Just a few points in response to Janice’s post.
The Tierney article is really about climate policy, at heart, so let’s talk climate. It seems to me that the situation is the following.
1.) Climate change can’t be faced without an understanding of science. Unless they want to be willfully blind, policymakers are going to have to listen to geologists, atmospheric physicists, engineers, ecologists, and so on, to make reasoned decisions.
2.) There’s significant and legitimate disagreement about our priorities, when it comes to climate change. These disagreements are more about values and politics than about science. How much do we care about the long run compared to the short run? How much do we want to sacrifice in present economic growth to protect against unlikely but catastrophic risks? How much do we care about the developing world compared to the rich world? How troubled are we by the prospect of government subsidies and mandates interfering with the market? How troubled are we by being required to consume less?
3.) The majority of climate researchers (at least, those who make their policy opinions known) favor strong emissions regulation. There are dissenters, but they are in the minority, and often affiliated with conservative think tanks.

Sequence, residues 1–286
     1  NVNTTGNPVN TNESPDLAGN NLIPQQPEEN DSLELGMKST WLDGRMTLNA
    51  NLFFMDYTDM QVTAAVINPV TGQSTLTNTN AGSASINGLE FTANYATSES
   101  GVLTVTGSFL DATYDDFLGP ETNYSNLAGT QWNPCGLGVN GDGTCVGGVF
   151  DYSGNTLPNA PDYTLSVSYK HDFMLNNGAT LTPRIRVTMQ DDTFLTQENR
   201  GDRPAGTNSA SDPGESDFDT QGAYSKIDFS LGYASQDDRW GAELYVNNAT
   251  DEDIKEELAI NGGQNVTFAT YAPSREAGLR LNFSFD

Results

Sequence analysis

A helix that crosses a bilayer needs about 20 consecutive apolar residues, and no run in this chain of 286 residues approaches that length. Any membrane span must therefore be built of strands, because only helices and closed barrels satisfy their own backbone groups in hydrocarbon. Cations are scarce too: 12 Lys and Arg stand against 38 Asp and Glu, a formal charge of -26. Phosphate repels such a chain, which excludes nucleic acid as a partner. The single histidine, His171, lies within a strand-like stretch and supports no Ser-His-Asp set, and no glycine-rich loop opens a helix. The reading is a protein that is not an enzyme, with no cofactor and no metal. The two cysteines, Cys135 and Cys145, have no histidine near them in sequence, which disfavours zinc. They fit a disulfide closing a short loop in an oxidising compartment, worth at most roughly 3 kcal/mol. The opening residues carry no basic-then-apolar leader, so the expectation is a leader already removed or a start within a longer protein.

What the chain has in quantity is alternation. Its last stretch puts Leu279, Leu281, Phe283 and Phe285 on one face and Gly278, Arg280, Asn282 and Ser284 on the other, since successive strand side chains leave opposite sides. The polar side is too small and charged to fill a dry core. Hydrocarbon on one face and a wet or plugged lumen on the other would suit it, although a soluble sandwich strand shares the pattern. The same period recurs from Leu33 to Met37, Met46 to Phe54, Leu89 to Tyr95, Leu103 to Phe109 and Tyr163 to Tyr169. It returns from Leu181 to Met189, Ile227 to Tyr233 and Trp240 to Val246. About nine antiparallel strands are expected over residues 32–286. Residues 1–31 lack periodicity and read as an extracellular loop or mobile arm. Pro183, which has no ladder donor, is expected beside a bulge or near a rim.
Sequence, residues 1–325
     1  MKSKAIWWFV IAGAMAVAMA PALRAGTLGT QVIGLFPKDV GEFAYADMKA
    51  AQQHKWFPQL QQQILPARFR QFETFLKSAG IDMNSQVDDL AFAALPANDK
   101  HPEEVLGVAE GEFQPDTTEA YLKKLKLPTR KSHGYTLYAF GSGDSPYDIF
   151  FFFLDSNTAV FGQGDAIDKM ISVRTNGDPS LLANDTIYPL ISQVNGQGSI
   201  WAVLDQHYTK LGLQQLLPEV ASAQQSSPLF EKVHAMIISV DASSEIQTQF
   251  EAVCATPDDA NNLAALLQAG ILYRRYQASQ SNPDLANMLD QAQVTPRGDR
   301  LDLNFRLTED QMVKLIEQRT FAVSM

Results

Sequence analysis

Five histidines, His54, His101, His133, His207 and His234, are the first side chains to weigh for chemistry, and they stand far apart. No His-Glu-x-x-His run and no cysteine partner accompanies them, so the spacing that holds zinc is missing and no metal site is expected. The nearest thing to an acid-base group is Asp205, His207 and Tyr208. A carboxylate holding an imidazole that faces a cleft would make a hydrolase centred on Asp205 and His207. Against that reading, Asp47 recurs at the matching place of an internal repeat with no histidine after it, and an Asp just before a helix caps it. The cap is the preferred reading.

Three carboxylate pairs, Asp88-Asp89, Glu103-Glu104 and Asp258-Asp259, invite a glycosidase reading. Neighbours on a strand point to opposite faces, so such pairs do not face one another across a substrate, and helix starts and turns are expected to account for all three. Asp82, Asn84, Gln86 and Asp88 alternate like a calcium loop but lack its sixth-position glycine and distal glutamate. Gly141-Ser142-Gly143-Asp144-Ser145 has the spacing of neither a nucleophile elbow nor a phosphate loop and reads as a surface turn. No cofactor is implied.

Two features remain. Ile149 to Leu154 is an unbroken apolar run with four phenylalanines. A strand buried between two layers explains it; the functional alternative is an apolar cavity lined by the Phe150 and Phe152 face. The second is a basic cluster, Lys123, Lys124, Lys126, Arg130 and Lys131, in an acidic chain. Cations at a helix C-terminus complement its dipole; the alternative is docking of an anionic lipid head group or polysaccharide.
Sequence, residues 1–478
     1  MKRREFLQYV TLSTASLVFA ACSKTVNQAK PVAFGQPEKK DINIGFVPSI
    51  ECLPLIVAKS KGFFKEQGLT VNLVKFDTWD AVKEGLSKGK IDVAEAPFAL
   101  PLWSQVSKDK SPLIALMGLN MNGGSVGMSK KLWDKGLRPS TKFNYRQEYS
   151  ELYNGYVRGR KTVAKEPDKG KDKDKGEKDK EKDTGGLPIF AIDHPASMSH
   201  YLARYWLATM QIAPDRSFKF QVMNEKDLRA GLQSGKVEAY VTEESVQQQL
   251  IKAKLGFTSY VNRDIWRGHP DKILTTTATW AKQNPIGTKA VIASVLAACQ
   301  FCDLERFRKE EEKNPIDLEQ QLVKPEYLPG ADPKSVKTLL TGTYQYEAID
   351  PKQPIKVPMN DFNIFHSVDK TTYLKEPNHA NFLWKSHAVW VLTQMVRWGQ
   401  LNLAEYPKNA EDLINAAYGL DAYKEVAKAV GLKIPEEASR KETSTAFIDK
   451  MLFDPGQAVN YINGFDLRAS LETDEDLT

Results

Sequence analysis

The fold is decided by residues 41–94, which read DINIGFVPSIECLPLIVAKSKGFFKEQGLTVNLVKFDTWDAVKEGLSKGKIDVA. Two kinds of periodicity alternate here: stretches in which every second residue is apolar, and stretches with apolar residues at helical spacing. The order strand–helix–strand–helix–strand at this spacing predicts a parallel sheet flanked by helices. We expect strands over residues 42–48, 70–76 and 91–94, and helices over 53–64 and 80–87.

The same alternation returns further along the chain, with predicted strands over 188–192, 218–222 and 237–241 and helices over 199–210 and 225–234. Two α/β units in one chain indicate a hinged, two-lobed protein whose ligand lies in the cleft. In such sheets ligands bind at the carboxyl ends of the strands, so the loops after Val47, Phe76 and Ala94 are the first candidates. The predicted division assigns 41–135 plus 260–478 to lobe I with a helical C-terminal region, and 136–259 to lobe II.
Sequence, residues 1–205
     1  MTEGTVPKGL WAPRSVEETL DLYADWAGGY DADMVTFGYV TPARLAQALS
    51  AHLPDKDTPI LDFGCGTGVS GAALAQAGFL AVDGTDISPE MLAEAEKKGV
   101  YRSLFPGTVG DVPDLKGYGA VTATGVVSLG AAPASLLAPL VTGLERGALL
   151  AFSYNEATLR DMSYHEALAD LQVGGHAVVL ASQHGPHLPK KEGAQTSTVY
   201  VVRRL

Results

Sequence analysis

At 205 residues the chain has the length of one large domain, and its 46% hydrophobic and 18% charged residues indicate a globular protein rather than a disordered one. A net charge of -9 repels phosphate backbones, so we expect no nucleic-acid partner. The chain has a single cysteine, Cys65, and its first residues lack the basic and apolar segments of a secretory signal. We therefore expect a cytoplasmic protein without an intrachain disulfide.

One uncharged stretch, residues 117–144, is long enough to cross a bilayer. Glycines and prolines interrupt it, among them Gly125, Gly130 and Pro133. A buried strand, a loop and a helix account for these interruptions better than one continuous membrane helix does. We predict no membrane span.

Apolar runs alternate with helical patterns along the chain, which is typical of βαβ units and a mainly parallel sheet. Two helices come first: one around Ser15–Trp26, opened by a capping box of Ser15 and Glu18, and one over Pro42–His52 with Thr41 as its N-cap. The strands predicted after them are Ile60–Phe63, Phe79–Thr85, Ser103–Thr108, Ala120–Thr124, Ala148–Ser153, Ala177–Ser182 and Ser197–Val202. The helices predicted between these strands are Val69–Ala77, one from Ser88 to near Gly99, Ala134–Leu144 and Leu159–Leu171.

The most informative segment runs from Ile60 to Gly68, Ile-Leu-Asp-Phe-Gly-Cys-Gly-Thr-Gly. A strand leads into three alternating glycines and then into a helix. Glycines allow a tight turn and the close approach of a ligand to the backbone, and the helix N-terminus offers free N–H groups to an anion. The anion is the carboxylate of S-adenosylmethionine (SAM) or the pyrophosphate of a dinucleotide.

Now, if your answers to the questions in 2.) lead you to oppose strict reductions in carbon emissions, then you’re in trouble. You have no choice but to listen to scientists — but the scientists are mostly lined up against you! If you’re Tierney, or Pielke, you rail against the “politicization of science.” But scientists — still more, scientists in Washington — are human. They can’t make themselves apolitical if they’re giving political advice.
Rather, I think we need to keep in mind that to some extent, science has its own political and philosophical slant. I’m going to hypothesize a little bit here, so bear with me. An academic scientist has dedicated years of her life to the study of nature, often forgoing a more lucrative career in the private sector, and frequently collaborating with colleagues from around the world. This suggests that scientists would be likely to
a.) be long-term thinkers
b.) have a sympathy for preserving the natural world, especially the particular subject of their research
c.) be inclined not to value financial ambition very highly
d.) not be very nationalistic; inclined to identify as closely with foreigners as with Americans
These are personal sympathies, or cognitive biases, that I think would make scientists favor different public policies than the average U.S. citizen. They’re also biases that would make scientists tend, on balance, to favor climate change legislation. (Confession: I’m an aspiring scientist, and I share all those biases to some extent.)
If we want to, as Pielke says, be honest brokers, we need to be honest about the fact that scientists have their own politics. It may be to some extent unavoidable that policy decisions advised by scientists will be scientists’ policies — technocratic and reliant on expert judgment. And there are limits even to expert knowledge; nobody in Washington is smart enough to really know which emerging clean technology promises the most success in thirty years. Maybe the challenge for policymakers is to know when to listen to scientists, and when not to.